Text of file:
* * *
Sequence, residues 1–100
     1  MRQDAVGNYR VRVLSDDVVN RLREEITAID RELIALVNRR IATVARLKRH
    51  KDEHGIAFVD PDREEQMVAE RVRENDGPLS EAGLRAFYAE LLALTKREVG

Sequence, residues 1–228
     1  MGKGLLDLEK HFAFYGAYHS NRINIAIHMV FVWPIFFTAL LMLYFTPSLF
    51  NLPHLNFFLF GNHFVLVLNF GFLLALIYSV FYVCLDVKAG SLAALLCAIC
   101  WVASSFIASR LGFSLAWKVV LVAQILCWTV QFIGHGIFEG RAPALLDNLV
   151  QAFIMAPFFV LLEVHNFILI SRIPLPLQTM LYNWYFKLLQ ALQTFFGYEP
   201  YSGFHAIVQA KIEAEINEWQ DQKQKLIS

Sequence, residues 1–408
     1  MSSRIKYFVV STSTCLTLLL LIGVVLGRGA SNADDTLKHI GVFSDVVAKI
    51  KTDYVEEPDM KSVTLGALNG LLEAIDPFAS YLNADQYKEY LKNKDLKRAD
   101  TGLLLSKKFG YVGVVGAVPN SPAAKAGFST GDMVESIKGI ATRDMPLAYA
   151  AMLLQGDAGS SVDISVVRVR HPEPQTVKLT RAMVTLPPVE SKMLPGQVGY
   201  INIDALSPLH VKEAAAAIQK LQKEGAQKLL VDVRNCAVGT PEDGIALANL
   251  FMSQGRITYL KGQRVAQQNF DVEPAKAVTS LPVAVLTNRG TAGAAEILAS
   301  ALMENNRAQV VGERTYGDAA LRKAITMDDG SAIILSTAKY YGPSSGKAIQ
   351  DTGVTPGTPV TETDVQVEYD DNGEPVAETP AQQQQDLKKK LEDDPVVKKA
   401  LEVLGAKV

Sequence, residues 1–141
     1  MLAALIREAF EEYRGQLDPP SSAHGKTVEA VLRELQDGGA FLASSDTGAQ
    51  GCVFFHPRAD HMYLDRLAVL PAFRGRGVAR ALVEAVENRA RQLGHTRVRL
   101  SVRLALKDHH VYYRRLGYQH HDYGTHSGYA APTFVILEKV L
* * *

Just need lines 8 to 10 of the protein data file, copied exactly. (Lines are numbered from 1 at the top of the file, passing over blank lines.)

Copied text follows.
   151  QAFIMAPFFV LLEVHNFILI SRIPLPLQTM LYNWYFKLLQ ALQTFFGYEP
   201  YSGFHAIVQA KIEAEINEWQ DQKQKLIS

Sequence, residues 1–408